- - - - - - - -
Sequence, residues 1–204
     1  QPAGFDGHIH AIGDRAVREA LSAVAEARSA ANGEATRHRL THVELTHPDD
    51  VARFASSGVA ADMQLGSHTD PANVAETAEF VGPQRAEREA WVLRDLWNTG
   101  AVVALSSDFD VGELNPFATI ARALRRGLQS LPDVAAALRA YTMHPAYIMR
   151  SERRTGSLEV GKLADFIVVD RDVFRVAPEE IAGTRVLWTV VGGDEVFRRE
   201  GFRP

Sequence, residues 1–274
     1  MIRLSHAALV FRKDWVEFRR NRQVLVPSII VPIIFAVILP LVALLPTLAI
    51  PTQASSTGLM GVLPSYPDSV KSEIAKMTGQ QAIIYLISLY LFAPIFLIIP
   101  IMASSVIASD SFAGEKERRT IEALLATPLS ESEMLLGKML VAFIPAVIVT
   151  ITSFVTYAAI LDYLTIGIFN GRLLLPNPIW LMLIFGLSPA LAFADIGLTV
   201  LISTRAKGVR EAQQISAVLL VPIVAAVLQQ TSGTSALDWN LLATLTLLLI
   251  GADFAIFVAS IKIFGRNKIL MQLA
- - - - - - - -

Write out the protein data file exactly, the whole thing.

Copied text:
Sequence, residues 1–204
     1  QPAGFDGHIH AIGDRAVREA LSAVAEARSA ANGEATRHRL THVELTHPDD
    51  VARFASSGVA ADMQLGSHTD PANVAETAEF VGPQRAEREA WVLRDLWNTG
   101  AVVALSSDFD VGELNPFATI ARALRRGLQS LPDVAAALRA YTMHPAYIMR
   151  SERRTGSLEV GKLADFIVVD RDVFRVAPEE IAGTRVLWTV VGGDEVFRRE
   201  GFRP

Sequence, residues 1–274
     1  MIRLSHAALV FRKDWVEFRR NRQVLVPSII VPIIFAVILP LVALLPTLAI
    51  PTQASSTGLM GVLPSYPDSV KSEIAKMTGQ QAIIYLISLY LFAPIFLIIP
   101  IMASSVIASD SFAGEKERRT IEALLATPLS ESEMLLGKML VAFIPAVIVT
   151  ITSFVTYAAI LDYLTIGIFN GRLLLPNPIW LMLIFGLSPA LAFADIGLTV
   201  LISTRAKGVR EAQQISAVLL VPIVAAVLQQ TSGTSALDWN LLATLTLLLI
   251  GADFAIFVAS IKIFGRNKIL MQLA